Vichy France was roughly the southern half of France that was allowed to remain unoccupied after the conquest of France by the Third Reich. Its name comes from the town of Vichy, which housed the new authoritarian government of what remained of France. Contrary to popular belief, the Vichy regime was not established by the Nazis nor was it created against the will of France’s population. Rather, it was praised by millions of French citizens and had not a National Socialist agenda, but a French one entirely. Because it existed only during World War II, people tend to think of Vichy France as a temporary government that existed as an extension of Nazi Germany. This understanding is partly accurate– Vichy France was indeed temporary in the eyes of the Third Reich. As Mak puts it, “this ‘free’ bit of France existed only as long as the German had no need for it.” (Mak, In Europe, pg. 520) But the Vichy government, despite being content to conform to a new Europe inhabited largely by Germany, did not see itself as a servant to the Reich. It is more accurate to view Vichy France as a fifth new fascist government in addition to Italy, Germany, Spain and Portugal; it had its own aspirations to build an authoritarian France that could one day surpass Germany in power.
Here is a link to the Vichy anthem which Mak mentions on page 522:
Maréchal, nous voilá
Devant toi, le sauveur de la France.
Nous jurons, nous, les gars,
De servir et de suivre tes pas
The opening sets the tone, “When the American War Correspondent Martha Gellhorn first set foot in Italy in February 1944, she could hardly believe her eyes; no hurricane could have done more damage than the German-American frontlines as they slowly rolled back.” (Mak 506) Such an image leaves a feeling of chaos. Italy was in a state of chaos through out the time of the second world war it would be safe to say. A leader who was adored, but later looked at as an enemy of the country just as quickly. The King abandoned them when Germany marched in. “The Italians never forgave their king; in 1946 they voted overwhelmingly to abolish the monarchy” (Mak 509) Chaos, the town of Cassino as described by Mak is merely a town with an history that left a once happy town to be a town of what he calls a city with out a heart or memory. While Casino is a town of history, it is overwhelmed by a dark past because of the failure of leadership.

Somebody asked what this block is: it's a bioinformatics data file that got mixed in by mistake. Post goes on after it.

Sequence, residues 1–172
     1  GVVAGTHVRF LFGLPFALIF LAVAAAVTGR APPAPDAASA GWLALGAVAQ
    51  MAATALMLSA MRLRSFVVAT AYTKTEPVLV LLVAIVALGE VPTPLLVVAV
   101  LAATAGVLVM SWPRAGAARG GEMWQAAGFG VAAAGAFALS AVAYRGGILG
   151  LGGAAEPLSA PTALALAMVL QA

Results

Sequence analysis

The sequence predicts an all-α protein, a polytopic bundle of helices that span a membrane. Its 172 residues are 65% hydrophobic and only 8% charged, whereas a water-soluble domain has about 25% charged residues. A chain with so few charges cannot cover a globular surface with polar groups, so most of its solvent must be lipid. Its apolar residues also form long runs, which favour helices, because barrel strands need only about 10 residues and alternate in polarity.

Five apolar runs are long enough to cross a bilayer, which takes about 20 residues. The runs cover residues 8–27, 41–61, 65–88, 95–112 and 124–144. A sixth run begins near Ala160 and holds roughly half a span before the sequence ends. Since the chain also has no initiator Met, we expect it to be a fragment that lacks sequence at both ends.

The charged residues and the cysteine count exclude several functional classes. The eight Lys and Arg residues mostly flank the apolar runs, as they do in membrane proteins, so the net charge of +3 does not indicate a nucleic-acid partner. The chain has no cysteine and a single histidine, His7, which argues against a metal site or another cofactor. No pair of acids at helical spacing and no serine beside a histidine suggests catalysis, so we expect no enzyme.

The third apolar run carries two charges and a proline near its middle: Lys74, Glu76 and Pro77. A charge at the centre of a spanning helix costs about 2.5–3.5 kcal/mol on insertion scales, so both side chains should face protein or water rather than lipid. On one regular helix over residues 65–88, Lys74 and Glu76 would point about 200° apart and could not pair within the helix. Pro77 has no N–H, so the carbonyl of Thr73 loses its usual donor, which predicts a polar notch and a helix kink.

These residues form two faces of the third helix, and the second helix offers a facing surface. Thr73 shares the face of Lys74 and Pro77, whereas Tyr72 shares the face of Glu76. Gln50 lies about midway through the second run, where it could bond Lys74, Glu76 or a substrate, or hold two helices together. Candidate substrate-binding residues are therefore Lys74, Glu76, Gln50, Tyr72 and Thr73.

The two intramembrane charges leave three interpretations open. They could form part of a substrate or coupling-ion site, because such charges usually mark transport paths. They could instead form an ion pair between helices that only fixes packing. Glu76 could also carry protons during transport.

The axis in the beginning were taking Europe like the fire takes a forrest. They were not challenged. Japan and Germany where taking countries quickly. Although towards the middle of the 1940s as the war we know started to wind down the tables turned and the Germans were starting to see their downfall. The German leadership began to see the collapse and it’s effects on their great leader, Adolf Hitler. Hitler who had been almost killed by one of his own Generals. A powerful quote to describe leaves a good picture of the state of mind of Hitler at the time. “The Fuhrer, both of them felt, had ‘aged fifteen years in the three and a half that the war has lasted’”(Mak 512) Hitler mental health was in question and left his subordinates deeply concerned.
Cassino was a town that has seen the worst. To this day the memory of that time is left haunting the surrounding area Mak descirbes through past observations.